How to Write a Summary of an Article? Death and Dying in Hinduism and Buddhism Death and Dying- Customs and Rituals Hinduism and Buddhism Religious and cultural beliefs play a significant role in the processes of death and dying.
The cycle of death and rebirth -- samsara -- ends only when a soul realizes its true nature -- indistinguishable from the absolute godhead, which Hindus call Brahman. This realization -- moksha -- is liberation, and it may take many lifetimes of effort in a human body to attain.
Heaven and Hell According to the Puranas, which are Hindu sacred texts, there are 14 realms of existence; seven are lower than the human realm and six are higher, putting the material world in which we dwell in the middle.
The higher worlds are Svarga, which means heaven, and the three highest realms constitute Brahmaloka, the world of Brahman, or God. The lower worlds, which are worlds of suffering and depravity, are known as Naraka -- a word that comes from the Vedas, the oldest Hindu scriptures.
The nether worlds are also known as Yamaloka, the world Death and dying in hinduism and Yama, Lord of Justice, who punishes sinners for their sins.
The Moment of Death Karma -- the sum total of a soul's moral actions throughout its incarnations -- is the main determinant of a soul's direction after death, but other factors come into play. In particular, a person's state of mind is important. Taking to heart a passage in the Bhagavad Gita in which Krishna tells Arjuna that whoever thinks of God at the time of death goes straight to God, many Hindus strive to die thinking higher thoughts.
This entry was posted in Something Special and tagged Buddhism, Cremation, Cultural Perspectives, Death and Dying, Funeral Traditions, Hinduism, India, Jainism, Sikhism. Bookmark the permalink. 5 Responses to The End-of-Life and Death in India. Upon their death, their souls become absorbed in Brahman, and the elements of their body-mind complex return to their original source. From the point of view of Hinduism, dying may be compared to falling asleep and after-death experiences to dreams. These cover aspects of death and dying to a far greater extent than is possible in this document. Whilst every effort has been made to provide accurate information and resources, the author is aware that there are often many differences in interpretation and understanding within a given.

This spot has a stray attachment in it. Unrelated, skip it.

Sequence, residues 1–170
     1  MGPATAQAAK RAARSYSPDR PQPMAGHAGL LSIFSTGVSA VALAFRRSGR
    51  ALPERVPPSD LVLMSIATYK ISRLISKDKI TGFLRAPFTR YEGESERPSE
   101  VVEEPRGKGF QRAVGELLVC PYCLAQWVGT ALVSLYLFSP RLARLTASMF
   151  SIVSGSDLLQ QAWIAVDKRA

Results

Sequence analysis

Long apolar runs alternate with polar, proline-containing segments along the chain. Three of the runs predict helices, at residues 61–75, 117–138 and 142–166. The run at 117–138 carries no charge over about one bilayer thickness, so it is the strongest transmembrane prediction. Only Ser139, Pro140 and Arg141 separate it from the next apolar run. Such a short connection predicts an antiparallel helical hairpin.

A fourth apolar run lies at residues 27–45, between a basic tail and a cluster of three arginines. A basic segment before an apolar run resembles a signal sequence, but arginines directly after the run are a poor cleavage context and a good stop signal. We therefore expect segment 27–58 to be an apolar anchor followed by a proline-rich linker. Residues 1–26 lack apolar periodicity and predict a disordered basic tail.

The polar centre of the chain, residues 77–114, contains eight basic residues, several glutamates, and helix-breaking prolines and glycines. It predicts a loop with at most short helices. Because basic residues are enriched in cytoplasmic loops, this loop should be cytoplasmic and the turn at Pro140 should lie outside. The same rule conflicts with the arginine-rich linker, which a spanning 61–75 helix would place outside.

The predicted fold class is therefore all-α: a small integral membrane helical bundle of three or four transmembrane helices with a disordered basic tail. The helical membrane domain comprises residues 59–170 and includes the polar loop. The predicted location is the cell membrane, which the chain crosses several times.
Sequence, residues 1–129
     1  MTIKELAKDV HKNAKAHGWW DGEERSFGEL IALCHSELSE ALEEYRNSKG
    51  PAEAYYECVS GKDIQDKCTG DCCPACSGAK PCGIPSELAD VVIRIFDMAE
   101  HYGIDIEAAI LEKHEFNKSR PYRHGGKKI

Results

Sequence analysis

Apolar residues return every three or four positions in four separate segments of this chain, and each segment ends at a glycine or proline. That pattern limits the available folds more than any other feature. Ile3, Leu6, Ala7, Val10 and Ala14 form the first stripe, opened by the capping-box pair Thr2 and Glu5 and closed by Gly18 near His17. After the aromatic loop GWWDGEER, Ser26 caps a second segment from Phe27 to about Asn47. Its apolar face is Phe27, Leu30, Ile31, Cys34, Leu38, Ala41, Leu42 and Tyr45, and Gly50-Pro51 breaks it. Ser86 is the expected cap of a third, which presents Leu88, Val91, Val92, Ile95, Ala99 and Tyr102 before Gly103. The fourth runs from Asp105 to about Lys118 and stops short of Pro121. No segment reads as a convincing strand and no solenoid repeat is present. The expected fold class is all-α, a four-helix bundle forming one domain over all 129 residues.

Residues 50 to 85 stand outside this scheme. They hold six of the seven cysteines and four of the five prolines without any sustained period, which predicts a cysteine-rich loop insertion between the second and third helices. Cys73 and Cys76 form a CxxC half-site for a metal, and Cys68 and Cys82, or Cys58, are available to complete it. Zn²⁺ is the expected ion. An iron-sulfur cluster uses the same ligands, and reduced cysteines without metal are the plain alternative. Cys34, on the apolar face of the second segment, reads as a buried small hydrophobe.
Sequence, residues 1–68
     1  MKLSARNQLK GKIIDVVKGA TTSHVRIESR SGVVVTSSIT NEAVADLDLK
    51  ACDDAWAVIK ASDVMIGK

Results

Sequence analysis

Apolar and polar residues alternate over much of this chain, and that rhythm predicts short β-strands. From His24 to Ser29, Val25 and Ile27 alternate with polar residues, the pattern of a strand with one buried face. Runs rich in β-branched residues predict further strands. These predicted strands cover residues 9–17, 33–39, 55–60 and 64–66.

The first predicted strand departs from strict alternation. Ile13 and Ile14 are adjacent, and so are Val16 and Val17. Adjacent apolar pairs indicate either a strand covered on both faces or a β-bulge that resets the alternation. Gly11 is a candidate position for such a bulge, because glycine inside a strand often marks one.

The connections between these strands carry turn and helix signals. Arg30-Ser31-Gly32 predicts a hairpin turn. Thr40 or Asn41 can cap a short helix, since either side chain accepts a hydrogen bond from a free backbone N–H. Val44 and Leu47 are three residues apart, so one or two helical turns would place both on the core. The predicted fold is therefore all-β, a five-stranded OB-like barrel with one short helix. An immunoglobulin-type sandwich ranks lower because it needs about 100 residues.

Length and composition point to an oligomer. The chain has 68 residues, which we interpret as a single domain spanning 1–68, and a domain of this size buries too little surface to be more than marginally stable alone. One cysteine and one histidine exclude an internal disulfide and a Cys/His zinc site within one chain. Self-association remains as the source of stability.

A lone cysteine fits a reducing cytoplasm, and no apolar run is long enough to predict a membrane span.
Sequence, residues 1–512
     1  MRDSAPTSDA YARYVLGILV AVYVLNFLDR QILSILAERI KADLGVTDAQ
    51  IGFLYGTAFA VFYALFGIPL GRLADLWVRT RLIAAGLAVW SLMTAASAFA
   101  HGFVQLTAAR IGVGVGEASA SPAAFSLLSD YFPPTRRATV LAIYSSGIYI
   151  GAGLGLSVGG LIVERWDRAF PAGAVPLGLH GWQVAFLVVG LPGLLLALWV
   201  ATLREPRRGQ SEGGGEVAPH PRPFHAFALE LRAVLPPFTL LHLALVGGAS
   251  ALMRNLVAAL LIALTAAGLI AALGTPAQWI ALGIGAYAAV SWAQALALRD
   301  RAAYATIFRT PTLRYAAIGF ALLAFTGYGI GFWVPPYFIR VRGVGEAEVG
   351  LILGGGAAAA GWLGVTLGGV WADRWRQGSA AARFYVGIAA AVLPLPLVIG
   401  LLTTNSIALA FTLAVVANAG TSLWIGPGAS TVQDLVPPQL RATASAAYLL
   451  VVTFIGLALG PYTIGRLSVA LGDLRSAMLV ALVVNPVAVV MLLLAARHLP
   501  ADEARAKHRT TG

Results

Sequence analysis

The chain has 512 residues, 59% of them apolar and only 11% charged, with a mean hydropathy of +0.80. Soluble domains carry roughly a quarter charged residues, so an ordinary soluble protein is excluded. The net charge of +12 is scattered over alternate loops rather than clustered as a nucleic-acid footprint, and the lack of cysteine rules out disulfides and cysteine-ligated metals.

Those whose thoughts wander may have to pass though the realms of Yama to purify themselves, but they can be aided by the prayers and offerings of relatives, especially during the first two weeks after death.
The Afterlife and Salvation The realms through which the soul travels after death, even the highest ones, are part of samsara, and as such, are just as impermanent as the earthly realm.
Souls leave the lower realms when they have learned the lessons they need to learn, and they leave the higher realms when desire draws them back to the material world, where they generate new karma.
This cyclical movement is ceaseless and is generated by a soul's own belief in its separateness from the Absolute. Salvation comes through the cessation of grasping, desire and belief in this separation.
Good and Bad Deaths Even though it is just a transition, Hindus aspire to a death that leads to a place of peace and fulfillment rather than one of suffering and pain. A good death is one that occurs at an auspicious time and to which the person can surrender willingly and peacefully.
A bad death, on the other hand, is one that is premature or violent. To facilitate a good death, a Brahmin priest may help the dying person to stay focused on God, perhaps by chanting the name of Ram or a healing mantra. A person who has died well has a peaceful expression, and the eyes and mouth -- through which the spirit exits -- are slightly open.
Afterlife and Salvation About the Author Chris Deziel has a bachelor's degree in physics and a master's degree in humanities.
Besides having an abiding interest in popular science, Deziel has been active in the building and home design trades since As a landscape builder, he helped establish two gardening companies.The religion that will be investigated around the issue of death, dying and destiny will be Hinduism.
Based on the essence of Hinduisms framework and various interpretations of scriptures the basic fundamentals of what is expected of followers in life and death are . Introduction. Like every other religion, Hinduism has treated the subject of death as one of the major concerns of human life, both as an existential problem to be overcome and as a great intellectual, spiritual, and moral mystery.
Death and Dying- Customs and Rituals Hinduism and Buddhism Religious and cultural beliefs play a significant role in the processes of death and dying. These beliefs have created rituals that provide a conceptual framework for understanding the experience of death.
Hinduism As a Religion The roots of Hinduism go back to the Indus civilization in the third millennium B.C.E., but it is only with the migratory waves of Indo-European Aryans in the late second millennium B.C.E. that researchers have access to Hindu ideas about death and afterlife.
Hinduism believes in the rebirth and reincarnation of souls. Death is therefore not a great calamity, not an end of all, but a natural process in the existence of soul as a separate entity, by which it reassembles its resources, adjusts its course and returns again to the earth to continue its journey.
Hindu Rituals and Beliefs regarding death and dying Gurudeva's audio discourse on death and dying in the Hindu tradition "How I Sent My Father to Heaven" Proceedings of Hindu Death Ritual by .